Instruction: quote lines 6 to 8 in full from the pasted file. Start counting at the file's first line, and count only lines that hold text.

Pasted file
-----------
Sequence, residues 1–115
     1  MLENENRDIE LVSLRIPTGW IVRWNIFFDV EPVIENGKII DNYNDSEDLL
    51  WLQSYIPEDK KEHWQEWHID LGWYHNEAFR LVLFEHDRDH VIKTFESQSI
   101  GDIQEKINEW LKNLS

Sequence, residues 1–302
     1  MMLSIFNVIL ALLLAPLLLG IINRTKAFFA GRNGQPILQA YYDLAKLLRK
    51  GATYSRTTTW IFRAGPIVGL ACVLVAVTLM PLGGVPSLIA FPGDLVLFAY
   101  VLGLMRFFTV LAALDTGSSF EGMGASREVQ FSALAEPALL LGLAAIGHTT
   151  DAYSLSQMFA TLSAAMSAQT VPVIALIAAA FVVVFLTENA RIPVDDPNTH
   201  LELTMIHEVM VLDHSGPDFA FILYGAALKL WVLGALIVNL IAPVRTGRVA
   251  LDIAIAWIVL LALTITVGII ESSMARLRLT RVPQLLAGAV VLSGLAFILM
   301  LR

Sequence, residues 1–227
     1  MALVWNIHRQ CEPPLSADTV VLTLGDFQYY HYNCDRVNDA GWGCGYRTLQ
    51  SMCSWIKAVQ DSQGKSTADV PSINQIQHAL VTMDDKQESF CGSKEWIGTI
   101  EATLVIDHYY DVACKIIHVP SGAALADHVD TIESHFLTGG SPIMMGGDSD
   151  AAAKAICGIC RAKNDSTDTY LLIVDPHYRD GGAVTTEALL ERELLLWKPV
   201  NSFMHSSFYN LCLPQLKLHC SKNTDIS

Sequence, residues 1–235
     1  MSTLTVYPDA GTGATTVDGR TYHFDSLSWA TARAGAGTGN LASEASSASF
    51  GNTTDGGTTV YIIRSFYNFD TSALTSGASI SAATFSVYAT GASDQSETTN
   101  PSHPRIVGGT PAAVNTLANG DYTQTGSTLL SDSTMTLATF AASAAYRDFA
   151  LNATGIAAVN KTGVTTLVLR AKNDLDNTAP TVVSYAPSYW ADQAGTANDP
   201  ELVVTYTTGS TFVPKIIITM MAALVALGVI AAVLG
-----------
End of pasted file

     1  MMLSIFNVIL ALLLAPLLLG IINRTKAFFA GRNGQPILQA YYDLAKLLRK
    51  GATYSRTTTW IFRAGPIVGL ACVLVAVTLM PLGGVPSLIA FPGDLVLFAY
   101  VLGLMRFFTV LAALDTGSSF EGMGASREVQ FSALAEPALL LGLAAIGHTT